The Principia School | Private | St. Louis MO

The SmartLab learning environment is designed to engage students with a comprehensive PBL-centered STEM learning environment and hands-on, experiential learning that helps foster the development of 21st-century skills. Here is just one example of a program that has helped prepare students for the careers of tomorrow.

Jewell Houston Academy: Going Beyond STEM to Teach Essential Skills

Two elementary students work together on a computer while classmates collaborate on a project-based learning assignment in the background.

Read the full case study to see how implementing a SmartLab HQ allowed Jewell Houston Academy to not only engage their students in learning STEM career skills but also teach conflict-resolution, problem-solving, collaboration, and communication skills. 

Today, college and career readiness means ensuring that every learner graduates high school with a fundamental academic knowledge base, a robust set of deeper learning skills, and a post-secondary pathway to developing the technical skills for jobs that may not even exist yet. If we as instructors and administrators are not implementing 21st-century strategies or exposing students to this way of learning, then we’re not setting them up for success.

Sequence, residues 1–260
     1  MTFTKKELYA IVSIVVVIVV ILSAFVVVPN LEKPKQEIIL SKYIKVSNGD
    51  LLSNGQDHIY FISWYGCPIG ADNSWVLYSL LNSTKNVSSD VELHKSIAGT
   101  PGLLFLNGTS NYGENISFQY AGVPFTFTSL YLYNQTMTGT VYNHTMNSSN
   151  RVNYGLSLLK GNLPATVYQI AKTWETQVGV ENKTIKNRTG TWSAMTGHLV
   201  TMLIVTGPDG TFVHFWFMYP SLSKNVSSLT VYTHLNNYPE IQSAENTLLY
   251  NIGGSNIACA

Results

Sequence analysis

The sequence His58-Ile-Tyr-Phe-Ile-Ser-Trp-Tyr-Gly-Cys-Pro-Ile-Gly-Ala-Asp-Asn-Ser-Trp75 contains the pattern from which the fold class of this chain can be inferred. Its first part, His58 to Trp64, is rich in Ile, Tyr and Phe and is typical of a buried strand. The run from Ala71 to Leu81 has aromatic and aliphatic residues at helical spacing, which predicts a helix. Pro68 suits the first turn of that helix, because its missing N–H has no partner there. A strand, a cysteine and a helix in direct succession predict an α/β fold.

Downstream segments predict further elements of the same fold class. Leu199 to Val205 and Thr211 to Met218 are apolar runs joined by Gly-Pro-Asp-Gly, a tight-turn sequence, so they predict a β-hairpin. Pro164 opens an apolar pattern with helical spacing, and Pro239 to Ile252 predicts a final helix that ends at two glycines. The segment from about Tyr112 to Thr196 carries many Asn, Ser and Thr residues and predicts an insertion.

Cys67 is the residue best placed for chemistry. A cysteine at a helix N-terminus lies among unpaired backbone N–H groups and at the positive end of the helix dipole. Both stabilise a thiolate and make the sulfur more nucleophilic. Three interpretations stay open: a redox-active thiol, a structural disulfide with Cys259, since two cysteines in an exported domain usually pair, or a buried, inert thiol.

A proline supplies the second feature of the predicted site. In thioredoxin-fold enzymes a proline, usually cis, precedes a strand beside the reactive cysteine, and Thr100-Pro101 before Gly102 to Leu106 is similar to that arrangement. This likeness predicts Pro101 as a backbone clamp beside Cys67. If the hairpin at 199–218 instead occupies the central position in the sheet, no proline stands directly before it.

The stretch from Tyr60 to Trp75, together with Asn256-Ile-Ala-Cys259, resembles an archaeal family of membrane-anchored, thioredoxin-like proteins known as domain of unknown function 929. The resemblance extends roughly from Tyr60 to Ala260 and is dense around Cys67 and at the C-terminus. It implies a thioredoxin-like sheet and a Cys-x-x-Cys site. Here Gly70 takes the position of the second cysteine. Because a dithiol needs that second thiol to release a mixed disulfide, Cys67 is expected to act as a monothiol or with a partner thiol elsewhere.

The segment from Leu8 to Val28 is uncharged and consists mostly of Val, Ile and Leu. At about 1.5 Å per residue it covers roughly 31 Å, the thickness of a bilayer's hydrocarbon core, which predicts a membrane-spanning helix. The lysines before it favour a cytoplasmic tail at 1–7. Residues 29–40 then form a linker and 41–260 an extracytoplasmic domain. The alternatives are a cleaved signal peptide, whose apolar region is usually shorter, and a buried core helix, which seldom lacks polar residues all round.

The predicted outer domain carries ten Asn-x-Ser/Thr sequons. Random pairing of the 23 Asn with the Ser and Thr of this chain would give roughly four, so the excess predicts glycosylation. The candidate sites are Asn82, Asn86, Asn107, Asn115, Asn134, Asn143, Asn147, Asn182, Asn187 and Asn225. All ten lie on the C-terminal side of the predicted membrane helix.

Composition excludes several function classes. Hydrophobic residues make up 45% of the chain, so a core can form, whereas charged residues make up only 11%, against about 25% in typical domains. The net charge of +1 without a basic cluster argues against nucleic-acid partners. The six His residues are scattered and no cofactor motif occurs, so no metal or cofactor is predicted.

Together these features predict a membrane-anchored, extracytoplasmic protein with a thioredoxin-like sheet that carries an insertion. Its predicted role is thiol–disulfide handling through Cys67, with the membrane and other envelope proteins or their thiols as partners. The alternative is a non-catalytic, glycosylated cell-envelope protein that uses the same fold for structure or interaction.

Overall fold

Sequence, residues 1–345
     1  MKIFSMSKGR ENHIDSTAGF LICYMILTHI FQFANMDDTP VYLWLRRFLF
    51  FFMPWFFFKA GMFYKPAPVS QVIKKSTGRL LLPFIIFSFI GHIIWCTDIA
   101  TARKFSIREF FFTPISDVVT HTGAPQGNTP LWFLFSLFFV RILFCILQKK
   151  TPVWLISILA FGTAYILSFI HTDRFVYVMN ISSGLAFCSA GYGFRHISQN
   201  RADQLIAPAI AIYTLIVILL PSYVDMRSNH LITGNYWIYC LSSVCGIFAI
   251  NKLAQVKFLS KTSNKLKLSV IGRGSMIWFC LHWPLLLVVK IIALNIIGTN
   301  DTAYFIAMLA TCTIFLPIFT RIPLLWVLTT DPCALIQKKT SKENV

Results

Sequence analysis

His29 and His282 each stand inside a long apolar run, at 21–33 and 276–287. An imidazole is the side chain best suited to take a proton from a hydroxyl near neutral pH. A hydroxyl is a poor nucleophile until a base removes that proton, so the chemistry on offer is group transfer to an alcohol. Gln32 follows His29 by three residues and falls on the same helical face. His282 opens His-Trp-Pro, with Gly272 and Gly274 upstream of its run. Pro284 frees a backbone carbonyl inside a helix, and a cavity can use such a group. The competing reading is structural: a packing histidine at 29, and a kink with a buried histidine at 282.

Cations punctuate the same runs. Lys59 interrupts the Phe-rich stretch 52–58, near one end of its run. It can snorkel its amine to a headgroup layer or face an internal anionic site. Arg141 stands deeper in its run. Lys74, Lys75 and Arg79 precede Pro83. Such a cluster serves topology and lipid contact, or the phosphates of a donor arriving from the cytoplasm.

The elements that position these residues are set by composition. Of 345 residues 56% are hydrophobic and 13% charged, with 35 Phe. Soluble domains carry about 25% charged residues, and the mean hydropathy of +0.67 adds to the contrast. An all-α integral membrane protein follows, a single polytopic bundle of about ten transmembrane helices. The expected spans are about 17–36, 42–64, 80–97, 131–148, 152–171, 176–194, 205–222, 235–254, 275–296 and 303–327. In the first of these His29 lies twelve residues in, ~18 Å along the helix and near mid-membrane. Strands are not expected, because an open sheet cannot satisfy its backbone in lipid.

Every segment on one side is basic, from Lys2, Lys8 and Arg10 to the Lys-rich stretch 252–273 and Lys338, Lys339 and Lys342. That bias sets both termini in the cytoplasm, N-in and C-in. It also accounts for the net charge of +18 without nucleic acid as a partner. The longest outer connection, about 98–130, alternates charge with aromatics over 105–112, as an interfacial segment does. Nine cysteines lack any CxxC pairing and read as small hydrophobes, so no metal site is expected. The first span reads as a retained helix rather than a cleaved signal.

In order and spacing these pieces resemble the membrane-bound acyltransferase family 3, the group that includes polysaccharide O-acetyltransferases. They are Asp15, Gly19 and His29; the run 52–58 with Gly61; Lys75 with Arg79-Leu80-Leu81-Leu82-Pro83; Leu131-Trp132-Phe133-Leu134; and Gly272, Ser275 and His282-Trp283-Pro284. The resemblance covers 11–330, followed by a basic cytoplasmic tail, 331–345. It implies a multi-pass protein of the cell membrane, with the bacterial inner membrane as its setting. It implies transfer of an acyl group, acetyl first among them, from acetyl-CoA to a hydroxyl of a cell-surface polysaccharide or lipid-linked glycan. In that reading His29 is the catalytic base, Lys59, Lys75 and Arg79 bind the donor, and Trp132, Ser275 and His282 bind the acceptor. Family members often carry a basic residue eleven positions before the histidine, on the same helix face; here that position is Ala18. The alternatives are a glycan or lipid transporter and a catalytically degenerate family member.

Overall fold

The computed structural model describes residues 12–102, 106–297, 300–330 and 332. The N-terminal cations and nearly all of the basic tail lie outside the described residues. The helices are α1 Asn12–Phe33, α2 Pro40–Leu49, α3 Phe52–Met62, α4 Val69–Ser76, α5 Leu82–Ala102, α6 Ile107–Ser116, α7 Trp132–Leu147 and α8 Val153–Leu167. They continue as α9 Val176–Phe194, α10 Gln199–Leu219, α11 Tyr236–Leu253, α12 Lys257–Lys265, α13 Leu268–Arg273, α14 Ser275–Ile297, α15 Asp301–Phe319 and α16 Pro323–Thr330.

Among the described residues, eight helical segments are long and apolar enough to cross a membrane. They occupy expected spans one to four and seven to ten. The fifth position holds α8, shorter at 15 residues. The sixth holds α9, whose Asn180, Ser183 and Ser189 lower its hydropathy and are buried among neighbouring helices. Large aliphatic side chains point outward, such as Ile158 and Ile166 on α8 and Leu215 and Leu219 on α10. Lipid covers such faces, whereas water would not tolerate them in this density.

The thoughtful use of technology, combined with intentional classroom design and a constructivist approach to learning can ensure that students and instructors can succeed well into the 21st century. 

Ashley Potter
Professional Development Manager

Ashley Potter is the Professional Development Manager at CLS. She is an enthusiastic education specialist with a strong focus on professional development and instructional coaching. Ashley's career has been characterized by a commitment to creating engaging and effective learning experiences for all. With a background in Middle Grades Education, a Master's degree in STEM, and a passion for fostering continuous growth and learning, Ashley brings a wealth of knowledge to the field of education. Her leadership roles have included overseeing faculty development initiatives at a medical college and facilitating district wide professional learning communities. Ashley's dedication to education has positively impacted both educators and students alike.


How to Develop Student College and Career Readiness

Want to know more about how you can prepare your students for the future? Download our free guide on developing college and career-ready skills.